Friday, January 11, 2008

Testing Judicial Openness


When Vince Valvo, former editor of the Hartford Business Journal, filed a Freedom of Information complaint against the state’s Chief Court Administrator he never expected to win. In fact, he wanted to lose. While that sounds counterintuitive, Valvo’s attorney explained Thursday that the victory was in the way he lost.

Dan Klau of Pepe and Hazard said Thursday in a phone interview that his client needed to lose in order to get the court to reconsider a controversial Supreme Court decision on what documents the Judicial Branch considers open to the public.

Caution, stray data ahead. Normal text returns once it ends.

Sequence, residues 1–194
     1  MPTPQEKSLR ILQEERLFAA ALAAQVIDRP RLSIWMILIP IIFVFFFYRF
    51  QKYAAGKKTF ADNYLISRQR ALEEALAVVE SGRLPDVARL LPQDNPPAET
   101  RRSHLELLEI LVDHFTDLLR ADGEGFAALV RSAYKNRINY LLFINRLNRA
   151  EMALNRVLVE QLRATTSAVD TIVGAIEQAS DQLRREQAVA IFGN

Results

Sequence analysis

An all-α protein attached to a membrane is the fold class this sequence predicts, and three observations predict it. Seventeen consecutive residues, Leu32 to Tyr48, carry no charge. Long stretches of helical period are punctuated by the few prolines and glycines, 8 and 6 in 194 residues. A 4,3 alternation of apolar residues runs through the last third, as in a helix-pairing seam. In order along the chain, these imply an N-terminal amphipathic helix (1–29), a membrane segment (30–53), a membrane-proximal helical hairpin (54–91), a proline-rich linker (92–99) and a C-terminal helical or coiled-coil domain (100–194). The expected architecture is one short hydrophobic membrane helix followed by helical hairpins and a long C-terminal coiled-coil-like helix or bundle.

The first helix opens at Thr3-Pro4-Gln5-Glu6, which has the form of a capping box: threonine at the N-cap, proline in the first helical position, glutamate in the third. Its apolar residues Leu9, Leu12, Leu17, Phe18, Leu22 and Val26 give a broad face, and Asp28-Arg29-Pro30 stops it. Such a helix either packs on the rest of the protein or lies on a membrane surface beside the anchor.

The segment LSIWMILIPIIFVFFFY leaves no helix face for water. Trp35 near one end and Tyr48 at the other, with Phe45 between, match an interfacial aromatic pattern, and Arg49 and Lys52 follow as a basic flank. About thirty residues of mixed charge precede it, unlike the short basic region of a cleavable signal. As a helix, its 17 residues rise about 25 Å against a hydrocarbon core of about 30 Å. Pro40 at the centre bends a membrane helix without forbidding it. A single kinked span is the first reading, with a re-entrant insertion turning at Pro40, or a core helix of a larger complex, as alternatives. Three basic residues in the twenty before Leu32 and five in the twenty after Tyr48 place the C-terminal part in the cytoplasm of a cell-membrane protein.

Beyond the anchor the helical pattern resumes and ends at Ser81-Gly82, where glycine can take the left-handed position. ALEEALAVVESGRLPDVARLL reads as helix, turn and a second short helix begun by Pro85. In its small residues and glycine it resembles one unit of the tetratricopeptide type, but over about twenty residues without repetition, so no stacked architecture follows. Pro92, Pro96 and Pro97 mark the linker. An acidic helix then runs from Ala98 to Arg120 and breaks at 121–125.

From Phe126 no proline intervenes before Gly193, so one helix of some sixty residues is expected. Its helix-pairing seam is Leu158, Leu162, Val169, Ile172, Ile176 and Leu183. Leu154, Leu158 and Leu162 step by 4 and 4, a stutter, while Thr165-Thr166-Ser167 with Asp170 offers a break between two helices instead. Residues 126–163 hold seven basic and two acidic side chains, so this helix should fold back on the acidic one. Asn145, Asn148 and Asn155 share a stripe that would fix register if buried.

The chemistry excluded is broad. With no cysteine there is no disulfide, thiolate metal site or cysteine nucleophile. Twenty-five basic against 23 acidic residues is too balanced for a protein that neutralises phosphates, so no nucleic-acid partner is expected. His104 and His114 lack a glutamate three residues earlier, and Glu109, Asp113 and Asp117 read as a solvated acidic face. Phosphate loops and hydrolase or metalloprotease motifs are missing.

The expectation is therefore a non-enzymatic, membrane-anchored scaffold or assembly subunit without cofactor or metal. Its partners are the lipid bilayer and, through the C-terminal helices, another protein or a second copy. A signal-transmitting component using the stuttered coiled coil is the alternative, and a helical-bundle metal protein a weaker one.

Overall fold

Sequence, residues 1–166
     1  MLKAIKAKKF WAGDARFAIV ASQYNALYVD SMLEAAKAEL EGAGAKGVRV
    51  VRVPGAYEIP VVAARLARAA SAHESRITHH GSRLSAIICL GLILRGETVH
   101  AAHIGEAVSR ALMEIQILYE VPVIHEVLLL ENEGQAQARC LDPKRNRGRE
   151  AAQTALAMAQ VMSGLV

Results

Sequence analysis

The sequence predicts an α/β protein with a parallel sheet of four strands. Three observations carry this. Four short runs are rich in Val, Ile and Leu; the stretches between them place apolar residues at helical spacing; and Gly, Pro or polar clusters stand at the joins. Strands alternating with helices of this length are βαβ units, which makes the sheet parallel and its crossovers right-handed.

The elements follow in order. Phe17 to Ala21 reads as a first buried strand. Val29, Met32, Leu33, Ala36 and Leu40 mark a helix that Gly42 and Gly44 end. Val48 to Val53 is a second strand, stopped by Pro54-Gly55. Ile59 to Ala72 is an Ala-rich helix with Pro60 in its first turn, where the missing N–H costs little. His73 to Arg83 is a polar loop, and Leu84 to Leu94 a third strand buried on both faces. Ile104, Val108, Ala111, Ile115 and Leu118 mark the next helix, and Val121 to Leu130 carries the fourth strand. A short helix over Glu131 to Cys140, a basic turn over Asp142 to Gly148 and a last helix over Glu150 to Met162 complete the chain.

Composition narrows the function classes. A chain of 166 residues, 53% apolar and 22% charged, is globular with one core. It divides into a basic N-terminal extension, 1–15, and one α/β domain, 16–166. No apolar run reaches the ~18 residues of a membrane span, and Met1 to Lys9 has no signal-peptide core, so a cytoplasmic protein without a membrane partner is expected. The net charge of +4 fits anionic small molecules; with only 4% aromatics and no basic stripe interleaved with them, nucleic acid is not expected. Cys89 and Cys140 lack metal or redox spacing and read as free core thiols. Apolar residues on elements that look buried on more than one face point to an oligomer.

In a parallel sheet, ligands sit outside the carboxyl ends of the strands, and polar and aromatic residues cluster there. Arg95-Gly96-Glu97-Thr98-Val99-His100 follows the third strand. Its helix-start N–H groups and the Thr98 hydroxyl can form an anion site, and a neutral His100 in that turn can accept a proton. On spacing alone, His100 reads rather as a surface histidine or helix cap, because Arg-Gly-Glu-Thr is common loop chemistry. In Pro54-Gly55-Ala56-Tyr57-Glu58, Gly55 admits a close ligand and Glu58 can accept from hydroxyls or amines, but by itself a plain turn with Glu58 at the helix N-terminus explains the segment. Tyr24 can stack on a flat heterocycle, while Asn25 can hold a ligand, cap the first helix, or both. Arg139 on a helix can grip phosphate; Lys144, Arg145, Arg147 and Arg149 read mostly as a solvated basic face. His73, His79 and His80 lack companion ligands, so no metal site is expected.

In 2006, the Supreme Court voted 4-3 in favor of a Meriden Superior Court clerk who had rejected an attorney’s request for access to the docket sheet with the name, address, birth date, and next court date of a defendant. When the opinion was released Sen. Andrew McDonald, D-Stamford, said it was a “substantial departure from the state’s policy on open government.”

It was so much of a departure that then Acting Chief Supreme Court Justice David Borden, who disagreed with the majority opinion, formed a task force to explore the public’s access to the courts.

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